RALEIGH — A veteran of the war in Iraq who says she was denied in-state tuition when she applied to The University of North Carolina at Pembroke has delivered a petition containing more than 145,000 signatures to the UNC Board of Governors in Chapel Hill seeking a policy change.
Hayleigh Perez on Thursday delivered the petition titled “UNC Board of Governors: Stop Discriminating Against Student Veterans,” which she created at change.org. She said she wants the leaders of UNC schools to change the way student veterans are handled.
“It is my hope today for this petition to show the UNC school system that American citizens, 145,000-plus, stand behind their student veterans,” Perez said.
Perez, who is now enrolled at Methodist University in Fayetteville, met privately with UNC System chief of staff Kevin Fitzgerald, who met her at the door to take in the petition. She said veterans across the country have endured similar problems.
“No one should be met with the malice and unprofessional treatment that I encountered with the UNC school system,” Perez said.
The petition gained national attention after Perez aired her grievance with the university on Fox News. Kyle R. Carter, UNCP’s chancellor, responded to Perez’s allegations with a statement posted on the university’s website on Oct. 16, saying that state law was followed and UNCP “prides itself on being a military-friendly institution.”
“We are disappointed to read news reports of misleading statements attributed to Ms. Perez that tarnish UNC Pembroke’s excellent reputation and relationship with our military,” Carter said in the statement. “While I cannot speak to Ms. Perez’s case specifically, I assure the public her case was handled professionally, deliberately and objectively.”
Perez, 26, deployed to Iraq for 14 months with the 36th Area Support Medical Company, which took care of prisoners and coalition forces at Camp Bucca in southern Iraq. While in Iraq, she said she kept her apartment in Fayetteville and came back to it when her deployment ended.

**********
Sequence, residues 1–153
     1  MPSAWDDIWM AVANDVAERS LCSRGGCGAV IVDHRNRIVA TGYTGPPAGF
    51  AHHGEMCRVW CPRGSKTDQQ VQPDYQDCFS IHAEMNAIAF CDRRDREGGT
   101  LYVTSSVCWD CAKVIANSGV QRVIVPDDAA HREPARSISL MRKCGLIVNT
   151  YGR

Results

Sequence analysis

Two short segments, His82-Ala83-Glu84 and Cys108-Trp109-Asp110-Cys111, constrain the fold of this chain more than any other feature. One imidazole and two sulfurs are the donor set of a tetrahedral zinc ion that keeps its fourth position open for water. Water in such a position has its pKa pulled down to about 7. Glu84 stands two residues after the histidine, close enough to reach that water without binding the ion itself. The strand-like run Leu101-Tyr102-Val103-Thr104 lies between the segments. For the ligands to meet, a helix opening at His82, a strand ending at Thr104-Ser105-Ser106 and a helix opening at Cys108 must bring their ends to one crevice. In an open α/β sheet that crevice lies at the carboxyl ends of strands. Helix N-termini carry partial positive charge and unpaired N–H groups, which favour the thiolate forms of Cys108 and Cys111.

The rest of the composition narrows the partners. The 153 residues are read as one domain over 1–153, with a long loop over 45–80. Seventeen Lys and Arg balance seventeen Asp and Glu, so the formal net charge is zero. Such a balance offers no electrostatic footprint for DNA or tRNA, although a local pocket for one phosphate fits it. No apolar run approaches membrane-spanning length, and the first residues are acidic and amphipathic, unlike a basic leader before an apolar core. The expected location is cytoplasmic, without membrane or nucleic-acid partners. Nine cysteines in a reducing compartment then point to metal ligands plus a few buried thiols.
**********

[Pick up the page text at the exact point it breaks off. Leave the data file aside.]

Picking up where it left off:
Perez married a medic for the 82nd Airborne in 2008 and bought a house in Hoke County. In 2009, the Army sent Perez’ husband to Texas on a recruiting assignment, and then she got orders to go to there as well.
When her assignment ended, Perez left the military and remained in Texas with her husband. She had a daughter and stayed home to raise her.
As her husband’s assignment neared its end last year, Perez said the couple asked the Army to send him back to Fort Bragg, which they considered home. Last fall, as soon as they knew they would be coming back to North Carolina, Perez applied to colleges that had the courses she would need to get her master’s degree and become a physician assistant.
She said she sent the same application materials to each school, and was accepted to both UNC-Pembroke and Fayetteville State University, both part of the UNC System. But while FSU recognized her as a state resident for tuition purposes, UNC-Pembroke did not.
While he acknowledged in the statement that Fayetteville State University accepted Perez as an in-state resident, Carter stood behind UNCP’s decision.
“… UNC Pembroke is required to evaluate residency petitions using a prescribed state process,” Carter said in the statement. “The UNCP Residency Appeals Committee compares information provided by the student against North Carolina residency statutes. UNC Pembroke followed those procedures and, as reported in the press, determined Ms. Perez to be a non-resident.”
A lengthy section of North Carolina’s general statutes describes who can be considered an in-state resident for the purpose of tuition. It says that active-duty military members and those in the N.C. National Guard should be treated as in-state residents, and it makes provisions for dependents of active-duty military members.
Joni Worthington, vice president of communications for the UNC System, could not say why one school in the system would consider Perez a state resident and another would not. But she said that Perez’ appeal went before a state panel, whose members found that the law had been properly applied.
Worthington said administrators are working on a new approach to consolidate residency determination for all 16 UNC campuses.
“Ms. Perez’s case has become an emotional issue for those who care about our military personnel,” Carter said in the statement. “UNC Pembroke cares, too. I fully understand the emotion, but ask for your understanding; UNC Pembroke must follow state statutes in determining residency.”